The sunshine project was shut down because of repeated exposés like this, which is strongly suggestive that things are even worse now. Dr. Strangelove is in charge of the henhouse.
From: The Sunshine Project <t…@sunshine-project.org>
Subject: [Sunshine] US IBC Survey: Serious Problems Evident
Date: 19 Apr 2004 01:13:49 -0500
The Sunshine Project
News Release – 14 April 2004
US Transparency Survey: Serious Problems Evident
(Austin, TX) – The Sunshine Project has made additional information available on its website concerning its Institutional Biosafety Committee (IBC) Transparency Survey. The Project is making this early release of information because it is deeply concerned by the fact that the survey results demonstrate, prima facie, widespread noncompliance with federal biotechnology research rules. The rampant violations call into question the effectiveness of the United States’ guidelines-based laboratory biosafety system. Survey results to date strongly suggest that increased biodefense spending is triggering a collapse in the public accountability of biological research across the US.
While dozens of nearly 400 surveyed institutions have replied adequately, revealing that many work diligently to comply with federal research rules, it is equally clear that many others do not. According to the Sunshine Project’s Edward Hammond “Internationally, the US promotes its rules as a model for the rest of the world to follow; but this research indicates the opposite. The replies to date suggest that the US system is actually a house of cards.”
The 389 federally-registered biotechnology research institutions queried by the Sunshine Project have an unequivocal obligation to release the meeting minutes it requested, yet:
– Only two out of five (42.9%) IBCs have provided meeting minutes; – Almost half (44.5%) have failed to reply to the survey at all. – The remaining 12.6% have replied but have not provided minutes.
Institutions who have not replied include two of the nation’s maximum containment biosafety level four laboratories (a Centers for Disease Control lab and a San Antonio, TX facility), an operator of Department of Energy biodefense labs, a major genome sequencing institution, and some of the largest recipients of federal biotechnology and biodefense research funds in the country.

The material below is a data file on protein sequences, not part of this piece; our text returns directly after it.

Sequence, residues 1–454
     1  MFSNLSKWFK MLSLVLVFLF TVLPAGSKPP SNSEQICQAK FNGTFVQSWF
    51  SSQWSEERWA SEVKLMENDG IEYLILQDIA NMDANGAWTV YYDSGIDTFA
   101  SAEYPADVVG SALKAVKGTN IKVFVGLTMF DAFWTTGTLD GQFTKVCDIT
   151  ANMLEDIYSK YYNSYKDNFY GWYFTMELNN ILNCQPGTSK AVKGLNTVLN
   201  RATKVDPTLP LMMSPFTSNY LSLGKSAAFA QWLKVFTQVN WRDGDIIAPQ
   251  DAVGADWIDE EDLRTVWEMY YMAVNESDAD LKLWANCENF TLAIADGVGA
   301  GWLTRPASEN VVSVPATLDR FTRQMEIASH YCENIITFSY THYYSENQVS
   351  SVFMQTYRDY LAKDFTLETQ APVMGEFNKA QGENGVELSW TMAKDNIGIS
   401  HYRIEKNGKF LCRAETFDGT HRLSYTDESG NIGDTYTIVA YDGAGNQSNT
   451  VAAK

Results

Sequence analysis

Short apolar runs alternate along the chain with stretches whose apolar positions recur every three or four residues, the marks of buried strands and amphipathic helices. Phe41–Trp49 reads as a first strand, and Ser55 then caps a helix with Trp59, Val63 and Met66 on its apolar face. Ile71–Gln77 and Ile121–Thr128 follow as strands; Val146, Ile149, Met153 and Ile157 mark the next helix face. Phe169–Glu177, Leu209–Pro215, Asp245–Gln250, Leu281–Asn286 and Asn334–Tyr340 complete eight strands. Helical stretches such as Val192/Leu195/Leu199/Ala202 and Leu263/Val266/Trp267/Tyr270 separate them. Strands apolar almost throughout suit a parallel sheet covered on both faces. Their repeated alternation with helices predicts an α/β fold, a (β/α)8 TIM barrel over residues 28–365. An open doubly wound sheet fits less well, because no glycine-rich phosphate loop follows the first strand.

Among those IBCs that have replied (with or without minutes), serious problems are evident. These include:
– major research centers, including institutions handling potential biological weapons agents and that conduct federally-funded biotechnology research, who do not maintain records of their IBC meetings and/or approve risky experiments without committee review;
– numerous IBCs punching holes in the national system by asserting the primacy of state law over the federal laboratory safety rules;
– widespread and arbitrary removal of information from public records;
– adoption of policies and procedures deliberately designed to evade public accountability.
In addition, analysis of US National Institutes of Health IBC data reveals that a significant number of biotechnology labs, particularly private sector labs and private non-profit labs, are not even registered under the federal laboratory safety system.
The survey, which began in late January, is assessing the quality of public disclosure by Institutional Biosafety Committees across the United States. IBCs are established under the US National Institutes of Health Guidelines on Research Involving Recombinant DNA Molecules (“the NIH Guidelines”), which exist to safeguard against the health and environmental dangers of biotechnology research.
The final report of the survey will make recommendations for how to raise the public accountability of biodefense research.
A summary of responses to the survey is available in the biodefense section of the Sunshine Project website, or by clicking on the link below: